Monday, June 2, 2008

Galveston by Sean Stewart

There's a particular thrill that comes from reading about someplace you've been (or going to some place you've read about). At least, there is with fiction. With journalism, you can read about places you know, but likely it's because something bad has happened there. That's not so much fun. But reading about a real place that you know in a work of imagination seems to make it more "real" or adds another dimension to a place in some undefinable way. It's a particular pleasure that one does not get to experience much when one is a genre fan. (It's also a pleasure that led me to visit the Royal Ontario Museum in Toronto. It was a worthwhile visit on many levels, but the *reason* I went was because it's where aliens made first contact in Robert J. Sawyer's Calculating God.) So many of our stories take place in outer space, or on other planets, or in vaguely European medieval landscapes with made-up names. So I'd like to thank Gary Wolfe for recommending Galveston to me when he heard I was moving to Houston. I live almost exactly halfway between Houston and Galveston now, and I've been to the island a couple of times. Galveston is very definitely a work of fantasy, but it's also a completely grounded book, being rooted in a real place and an (almost) real time.

In 2004 (the book came out in 2000) magic broke into the world. It was Mardi Gras, which is as big a deal in Galveston as it is in New Orleans. The Krewes (community organizations who run floats in the big Mardi Gras celebrations, among other things—something I was totally unfamiliar with before moving here) saw what was happening and were able to ride the wave of magic, shaping it in less catastrophically destructive ways. Powered by strong emotions, some places were a complete loss, such as the UTMB (University of Texas Medical Branch) hospital (actually, one of my neighbors works there). Many people died outright, killed by magic overload or by the creatures spawned from nightmares. Two women took control and were able to create a wall between the "real" world and the magic world.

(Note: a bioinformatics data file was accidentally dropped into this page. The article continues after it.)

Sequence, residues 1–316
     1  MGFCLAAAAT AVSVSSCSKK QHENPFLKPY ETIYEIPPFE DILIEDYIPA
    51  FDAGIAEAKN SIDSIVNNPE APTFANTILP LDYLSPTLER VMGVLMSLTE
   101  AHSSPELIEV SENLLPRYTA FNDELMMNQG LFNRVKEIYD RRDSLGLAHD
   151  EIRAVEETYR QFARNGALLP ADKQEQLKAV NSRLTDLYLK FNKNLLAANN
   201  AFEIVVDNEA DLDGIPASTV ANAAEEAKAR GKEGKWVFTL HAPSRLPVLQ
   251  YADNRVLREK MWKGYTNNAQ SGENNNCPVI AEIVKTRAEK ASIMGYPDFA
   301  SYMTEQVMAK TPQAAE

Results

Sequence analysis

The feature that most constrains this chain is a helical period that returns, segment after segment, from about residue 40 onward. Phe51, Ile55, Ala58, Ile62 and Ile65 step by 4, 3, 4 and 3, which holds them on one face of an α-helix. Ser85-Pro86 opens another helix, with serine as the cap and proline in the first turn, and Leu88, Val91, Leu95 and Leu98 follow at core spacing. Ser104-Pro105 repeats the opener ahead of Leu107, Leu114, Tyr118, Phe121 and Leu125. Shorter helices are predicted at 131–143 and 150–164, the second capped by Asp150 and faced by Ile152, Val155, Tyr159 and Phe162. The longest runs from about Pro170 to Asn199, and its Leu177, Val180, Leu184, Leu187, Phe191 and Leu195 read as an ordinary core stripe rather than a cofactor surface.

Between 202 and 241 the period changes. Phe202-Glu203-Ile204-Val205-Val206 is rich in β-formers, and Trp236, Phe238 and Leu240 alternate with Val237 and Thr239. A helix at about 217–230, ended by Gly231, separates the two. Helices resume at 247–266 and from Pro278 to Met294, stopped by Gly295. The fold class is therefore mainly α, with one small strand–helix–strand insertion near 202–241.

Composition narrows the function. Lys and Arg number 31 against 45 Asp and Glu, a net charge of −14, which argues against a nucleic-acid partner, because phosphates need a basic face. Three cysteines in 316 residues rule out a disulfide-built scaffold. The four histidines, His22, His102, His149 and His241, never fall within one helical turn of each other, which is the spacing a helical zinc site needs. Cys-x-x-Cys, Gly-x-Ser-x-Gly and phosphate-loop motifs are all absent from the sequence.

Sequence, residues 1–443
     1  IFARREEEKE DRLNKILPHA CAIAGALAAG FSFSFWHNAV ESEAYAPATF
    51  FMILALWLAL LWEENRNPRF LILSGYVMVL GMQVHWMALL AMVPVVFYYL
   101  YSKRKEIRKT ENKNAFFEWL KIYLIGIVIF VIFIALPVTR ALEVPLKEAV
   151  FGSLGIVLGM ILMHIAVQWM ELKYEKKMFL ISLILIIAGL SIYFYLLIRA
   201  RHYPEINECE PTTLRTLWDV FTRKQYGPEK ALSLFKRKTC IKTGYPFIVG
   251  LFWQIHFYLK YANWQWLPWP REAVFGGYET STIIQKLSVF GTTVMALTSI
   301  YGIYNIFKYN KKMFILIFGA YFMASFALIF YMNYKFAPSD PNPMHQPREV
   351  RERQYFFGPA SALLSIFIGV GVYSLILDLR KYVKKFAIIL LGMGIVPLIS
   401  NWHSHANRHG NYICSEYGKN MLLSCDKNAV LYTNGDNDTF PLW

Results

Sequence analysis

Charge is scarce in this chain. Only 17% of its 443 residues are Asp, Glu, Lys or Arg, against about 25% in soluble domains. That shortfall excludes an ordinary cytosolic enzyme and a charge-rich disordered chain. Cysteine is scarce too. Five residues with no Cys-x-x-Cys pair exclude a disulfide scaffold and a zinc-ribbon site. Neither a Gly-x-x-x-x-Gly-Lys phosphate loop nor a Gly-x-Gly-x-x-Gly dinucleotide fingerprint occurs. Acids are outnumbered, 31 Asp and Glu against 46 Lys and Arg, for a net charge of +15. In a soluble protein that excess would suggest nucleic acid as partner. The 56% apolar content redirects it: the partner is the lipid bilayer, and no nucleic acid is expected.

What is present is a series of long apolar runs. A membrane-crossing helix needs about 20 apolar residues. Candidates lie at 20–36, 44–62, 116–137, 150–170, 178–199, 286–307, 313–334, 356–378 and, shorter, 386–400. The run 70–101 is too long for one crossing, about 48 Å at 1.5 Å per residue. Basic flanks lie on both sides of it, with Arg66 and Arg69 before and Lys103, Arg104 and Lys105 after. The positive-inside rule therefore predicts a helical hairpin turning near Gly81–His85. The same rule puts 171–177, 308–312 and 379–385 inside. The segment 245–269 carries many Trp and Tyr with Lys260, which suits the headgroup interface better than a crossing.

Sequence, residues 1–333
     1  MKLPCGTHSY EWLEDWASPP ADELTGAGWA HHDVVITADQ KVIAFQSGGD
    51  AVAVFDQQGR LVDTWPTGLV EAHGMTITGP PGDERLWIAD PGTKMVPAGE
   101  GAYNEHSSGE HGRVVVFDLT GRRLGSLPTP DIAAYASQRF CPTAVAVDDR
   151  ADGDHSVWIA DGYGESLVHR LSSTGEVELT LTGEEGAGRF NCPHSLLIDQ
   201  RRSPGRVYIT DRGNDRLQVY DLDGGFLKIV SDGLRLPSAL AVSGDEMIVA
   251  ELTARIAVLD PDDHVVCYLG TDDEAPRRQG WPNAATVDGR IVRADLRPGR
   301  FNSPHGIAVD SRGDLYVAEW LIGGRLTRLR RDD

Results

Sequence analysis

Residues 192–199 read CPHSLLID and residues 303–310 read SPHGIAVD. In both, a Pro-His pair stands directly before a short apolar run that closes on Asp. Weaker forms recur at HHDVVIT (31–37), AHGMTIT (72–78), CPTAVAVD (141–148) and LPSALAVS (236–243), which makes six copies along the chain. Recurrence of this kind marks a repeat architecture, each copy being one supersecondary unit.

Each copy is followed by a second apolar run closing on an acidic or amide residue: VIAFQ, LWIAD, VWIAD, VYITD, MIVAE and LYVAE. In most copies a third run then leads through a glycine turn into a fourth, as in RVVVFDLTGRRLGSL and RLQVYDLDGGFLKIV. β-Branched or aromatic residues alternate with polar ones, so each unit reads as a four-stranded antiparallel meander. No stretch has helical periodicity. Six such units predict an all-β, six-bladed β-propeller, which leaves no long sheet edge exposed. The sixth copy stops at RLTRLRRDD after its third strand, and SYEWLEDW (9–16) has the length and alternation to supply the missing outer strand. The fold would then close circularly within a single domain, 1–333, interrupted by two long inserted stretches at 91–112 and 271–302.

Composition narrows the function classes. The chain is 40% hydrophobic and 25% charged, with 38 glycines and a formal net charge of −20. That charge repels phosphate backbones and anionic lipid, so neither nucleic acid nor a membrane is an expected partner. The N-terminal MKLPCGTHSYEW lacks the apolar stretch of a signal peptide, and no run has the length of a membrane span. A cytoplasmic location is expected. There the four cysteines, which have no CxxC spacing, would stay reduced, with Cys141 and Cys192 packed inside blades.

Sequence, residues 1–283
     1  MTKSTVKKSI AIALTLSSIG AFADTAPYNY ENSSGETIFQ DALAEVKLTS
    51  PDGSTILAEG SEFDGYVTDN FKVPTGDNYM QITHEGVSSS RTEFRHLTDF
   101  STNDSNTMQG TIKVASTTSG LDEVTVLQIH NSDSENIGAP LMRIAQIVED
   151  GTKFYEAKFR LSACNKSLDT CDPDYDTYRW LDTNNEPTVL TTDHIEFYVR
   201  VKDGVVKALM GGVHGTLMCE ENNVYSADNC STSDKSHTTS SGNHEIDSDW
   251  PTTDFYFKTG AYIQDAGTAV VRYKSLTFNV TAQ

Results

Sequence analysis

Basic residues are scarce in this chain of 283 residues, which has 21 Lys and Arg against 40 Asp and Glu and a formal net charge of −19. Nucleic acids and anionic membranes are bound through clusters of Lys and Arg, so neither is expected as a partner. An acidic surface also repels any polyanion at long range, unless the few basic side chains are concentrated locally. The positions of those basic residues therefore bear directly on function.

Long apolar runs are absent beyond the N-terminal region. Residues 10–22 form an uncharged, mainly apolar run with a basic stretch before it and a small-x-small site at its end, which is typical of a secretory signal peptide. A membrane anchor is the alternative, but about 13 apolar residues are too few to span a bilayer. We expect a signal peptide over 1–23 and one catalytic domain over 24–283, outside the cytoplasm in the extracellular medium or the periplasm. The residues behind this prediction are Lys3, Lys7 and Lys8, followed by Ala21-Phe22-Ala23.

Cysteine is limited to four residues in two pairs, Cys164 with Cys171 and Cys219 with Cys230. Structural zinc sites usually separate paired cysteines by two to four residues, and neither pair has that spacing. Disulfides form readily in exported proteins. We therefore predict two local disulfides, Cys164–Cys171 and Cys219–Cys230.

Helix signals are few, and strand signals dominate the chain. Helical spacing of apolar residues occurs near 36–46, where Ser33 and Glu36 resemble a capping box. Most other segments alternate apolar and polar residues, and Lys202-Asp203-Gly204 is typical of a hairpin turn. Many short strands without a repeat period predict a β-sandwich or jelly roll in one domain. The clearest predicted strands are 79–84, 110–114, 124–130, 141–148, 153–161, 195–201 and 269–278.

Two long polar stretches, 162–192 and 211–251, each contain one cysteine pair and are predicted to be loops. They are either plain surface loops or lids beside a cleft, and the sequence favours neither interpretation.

Fast forward about 25 years. The women who have patrolled the border between the real and the magic and led the community through the times of deprivation are aging. A generation has grown up now who know nothing of the world before the Flood. The two main characters of the story are emblematic of this second generation. Sean Stewart merely sketches in the first dramatic part of the crisis of the Flood, the part where individuals take charge and lead the community through the immediate crisis. He instead focuses on the secondary dramatic point: how will the next generation build upon what the first achieved? Will the systems put in place be sustainable, or will it devolve into anarchy once the founders of the system are gone?